Zeregabir is a man who’s been to hell and back and lived to tell the story. Over the course of his journey through the Libyan Desert, he visited the brink of death repeatedly, returning each time barely alive. He’s been forced to drink his own urine to stay alive in the desert. He’s watched people drop dead from hunger, thirst, gunshot wounds, and the physical abuses of traffickers. He’s witnessed friends get crushed alive in a cement truck, and watched helplessly as women were raped by traffickers.
“It’s hard to convince others that the risks are so high when they know I’ve made it here alive,” says Zeregabir. “Once you leave your home, nothing you encounter is good. The worst thing that can happen is death. But it is the worst way of dying.”
Prior to arriving in Libya, Zeregabir’s journey was relatively without incident. His biggest worry was getting detected by authorities when crossing the Eritrean border and traveling through Sudan. Once at the Sudanese Egyptian border, the traffickers had a run in with the Egyptian border control which culminated in an exchange of gunfire and a desert car chase. Even though Zeregabir’s truck managed to get away, eight people died from bullet wounds.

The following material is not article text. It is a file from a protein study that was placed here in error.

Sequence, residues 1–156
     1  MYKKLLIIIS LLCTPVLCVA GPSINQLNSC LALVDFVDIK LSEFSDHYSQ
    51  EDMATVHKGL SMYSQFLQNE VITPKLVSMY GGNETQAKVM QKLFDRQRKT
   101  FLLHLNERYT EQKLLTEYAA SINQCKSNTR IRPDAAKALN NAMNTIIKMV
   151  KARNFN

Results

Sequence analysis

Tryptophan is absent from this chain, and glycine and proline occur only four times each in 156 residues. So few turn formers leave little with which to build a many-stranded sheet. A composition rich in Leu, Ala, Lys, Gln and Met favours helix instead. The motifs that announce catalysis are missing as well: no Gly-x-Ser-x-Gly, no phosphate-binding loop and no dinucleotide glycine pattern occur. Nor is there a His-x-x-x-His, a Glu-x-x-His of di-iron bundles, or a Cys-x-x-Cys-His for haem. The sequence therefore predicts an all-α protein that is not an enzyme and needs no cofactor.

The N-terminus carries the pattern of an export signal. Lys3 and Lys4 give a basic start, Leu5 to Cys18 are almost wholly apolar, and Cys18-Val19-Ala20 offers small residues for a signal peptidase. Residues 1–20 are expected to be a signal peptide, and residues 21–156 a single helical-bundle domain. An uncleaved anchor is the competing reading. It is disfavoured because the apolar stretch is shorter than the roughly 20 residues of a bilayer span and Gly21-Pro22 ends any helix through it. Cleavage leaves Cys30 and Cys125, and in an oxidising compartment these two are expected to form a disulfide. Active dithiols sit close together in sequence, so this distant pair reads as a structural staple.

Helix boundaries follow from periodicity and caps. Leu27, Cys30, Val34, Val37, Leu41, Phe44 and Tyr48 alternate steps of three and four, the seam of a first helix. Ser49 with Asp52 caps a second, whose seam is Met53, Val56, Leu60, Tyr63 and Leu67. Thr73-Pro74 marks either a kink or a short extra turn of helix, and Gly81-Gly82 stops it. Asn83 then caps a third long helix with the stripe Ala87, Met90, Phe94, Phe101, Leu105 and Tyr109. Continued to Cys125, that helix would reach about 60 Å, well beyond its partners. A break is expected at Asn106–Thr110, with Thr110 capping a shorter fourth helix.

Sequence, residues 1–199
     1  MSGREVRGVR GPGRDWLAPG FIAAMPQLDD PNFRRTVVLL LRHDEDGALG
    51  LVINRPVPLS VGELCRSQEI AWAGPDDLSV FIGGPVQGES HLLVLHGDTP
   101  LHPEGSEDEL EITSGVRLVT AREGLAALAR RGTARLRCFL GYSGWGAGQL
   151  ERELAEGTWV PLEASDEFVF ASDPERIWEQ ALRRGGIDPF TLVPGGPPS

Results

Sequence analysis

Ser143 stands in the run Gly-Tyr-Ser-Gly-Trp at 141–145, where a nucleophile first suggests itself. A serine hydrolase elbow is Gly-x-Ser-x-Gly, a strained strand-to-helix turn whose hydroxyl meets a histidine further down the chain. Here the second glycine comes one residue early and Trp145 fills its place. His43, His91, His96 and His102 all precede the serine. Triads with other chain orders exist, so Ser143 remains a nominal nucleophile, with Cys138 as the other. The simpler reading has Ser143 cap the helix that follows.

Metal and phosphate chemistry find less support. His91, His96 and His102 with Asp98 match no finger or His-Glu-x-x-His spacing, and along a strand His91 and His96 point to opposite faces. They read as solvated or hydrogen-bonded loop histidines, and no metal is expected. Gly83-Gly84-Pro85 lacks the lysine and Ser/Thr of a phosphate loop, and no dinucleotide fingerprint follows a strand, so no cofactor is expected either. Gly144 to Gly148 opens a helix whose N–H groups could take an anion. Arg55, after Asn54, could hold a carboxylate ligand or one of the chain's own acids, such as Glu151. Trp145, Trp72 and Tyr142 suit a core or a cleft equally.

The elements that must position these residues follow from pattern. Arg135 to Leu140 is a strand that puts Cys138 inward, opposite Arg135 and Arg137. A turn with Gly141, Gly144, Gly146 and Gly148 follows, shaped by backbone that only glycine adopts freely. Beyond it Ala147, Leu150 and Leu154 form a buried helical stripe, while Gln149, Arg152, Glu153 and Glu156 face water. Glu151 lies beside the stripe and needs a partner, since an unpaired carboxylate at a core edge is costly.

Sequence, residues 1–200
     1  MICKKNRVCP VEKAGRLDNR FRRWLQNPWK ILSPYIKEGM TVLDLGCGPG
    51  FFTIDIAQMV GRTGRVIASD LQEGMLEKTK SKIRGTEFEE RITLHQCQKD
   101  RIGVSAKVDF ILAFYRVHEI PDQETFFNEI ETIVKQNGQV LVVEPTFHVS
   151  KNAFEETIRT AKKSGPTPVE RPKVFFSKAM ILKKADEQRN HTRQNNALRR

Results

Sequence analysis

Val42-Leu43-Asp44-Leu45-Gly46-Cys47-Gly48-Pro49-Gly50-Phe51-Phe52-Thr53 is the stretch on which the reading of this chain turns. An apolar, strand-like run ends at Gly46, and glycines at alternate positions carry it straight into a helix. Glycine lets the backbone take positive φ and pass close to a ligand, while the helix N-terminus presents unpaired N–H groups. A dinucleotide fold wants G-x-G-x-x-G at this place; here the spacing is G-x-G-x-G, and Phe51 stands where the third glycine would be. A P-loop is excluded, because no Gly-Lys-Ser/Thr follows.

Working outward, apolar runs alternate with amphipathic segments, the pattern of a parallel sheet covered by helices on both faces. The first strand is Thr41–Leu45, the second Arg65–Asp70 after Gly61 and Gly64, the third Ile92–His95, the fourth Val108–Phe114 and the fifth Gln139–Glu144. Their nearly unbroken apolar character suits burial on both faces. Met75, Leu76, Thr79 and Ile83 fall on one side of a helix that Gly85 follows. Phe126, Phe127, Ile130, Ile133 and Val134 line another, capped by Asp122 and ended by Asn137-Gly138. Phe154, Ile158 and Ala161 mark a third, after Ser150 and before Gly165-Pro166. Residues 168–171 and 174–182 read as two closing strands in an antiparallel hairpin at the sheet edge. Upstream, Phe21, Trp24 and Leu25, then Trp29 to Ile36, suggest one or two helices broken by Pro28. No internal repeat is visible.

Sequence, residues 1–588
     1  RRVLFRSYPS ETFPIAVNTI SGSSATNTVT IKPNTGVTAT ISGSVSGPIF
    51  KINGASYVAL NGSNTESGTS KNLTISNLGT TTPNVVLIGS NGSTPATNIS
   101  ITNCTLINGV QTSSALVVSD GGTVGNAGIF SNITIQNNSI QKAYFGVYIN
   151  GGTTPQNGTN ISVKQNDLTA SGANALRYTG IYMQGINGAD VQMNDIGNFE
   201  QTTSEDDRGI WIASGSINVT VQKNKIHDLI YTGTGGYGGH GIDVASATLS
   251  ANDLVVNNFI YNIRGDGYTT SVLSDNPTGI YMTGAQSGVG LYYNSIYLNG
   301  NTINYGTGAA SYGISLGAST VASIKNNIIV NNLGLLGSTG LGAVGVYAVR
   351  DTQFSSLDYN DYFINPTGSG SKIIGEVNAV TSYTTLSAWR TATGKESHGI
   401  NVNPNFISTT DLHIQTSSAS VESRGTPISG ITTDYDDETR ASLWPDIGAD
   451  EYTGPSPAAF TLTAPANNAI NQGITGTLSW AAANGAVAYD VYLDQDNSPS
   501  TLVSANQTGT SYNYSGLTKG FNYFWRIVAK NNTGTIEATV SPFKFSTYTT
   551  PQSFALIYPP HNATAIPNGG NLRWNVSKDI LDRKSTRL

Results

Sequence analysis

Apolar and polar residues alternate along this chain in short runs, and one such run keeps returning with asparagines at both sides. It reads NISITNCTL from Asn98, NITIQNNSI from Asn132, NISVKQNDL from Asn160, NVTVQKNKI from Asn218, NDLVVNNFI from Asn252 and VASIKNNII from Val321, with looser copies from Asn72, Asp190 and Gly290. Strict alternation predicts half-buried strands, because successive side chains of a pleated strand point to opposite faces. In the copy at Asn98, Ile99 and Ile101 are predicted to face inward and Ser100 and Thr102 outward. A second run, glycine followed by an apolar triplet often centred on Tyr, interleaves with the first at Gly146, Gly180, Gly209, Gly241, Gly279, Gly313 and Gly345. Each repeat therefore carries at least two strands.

During the commotion, the convoy of trucks carrying refugees scattered and the traffickers asked Zeregabir and the others to get off.
“Driving away some distance from the scene, the traffickers said they would check on their colleagues who’d been captured by the Egyptians…” he says. “The Libyans left us, around 70 people, in the middle of nowhere.”
For 14 days, Zeregabir and the other refugees were left in the desert with a limited amount food and water which eventually ran out. Then, one by one, people started to die.
Watch Zeregabir recount his journey from Eritrea to Libya:
Having survived the treacherous journey to the sea, all Zeregabir could look forward to was leaving Libya. Twice he tried to embark on the journey at sea only to be intercepted by authorities and thrown in jail. He succeeded the third time, and the boat, carrying 470 persons, was rescued by the Italian coast guard.
At the time of the interview, Zeregabir had been living in Germany for a little over a year. Like many refugees, Zeregabir says life in Europe is not what he expected. Still troubled by what he’s endured and the reality of living a life in limbo, he suffers from depression and occasionally seeks solace in alcohol.
“Of course the life that has been saved is now safe, but there is nothing more than that,” he laments. “Many young new arrivals have already become depressed and addicted to alcohol due to that, including me. We had this different image of Europe— one close to paradise.”
Watch Zeregabir talk about adjusting to his new life: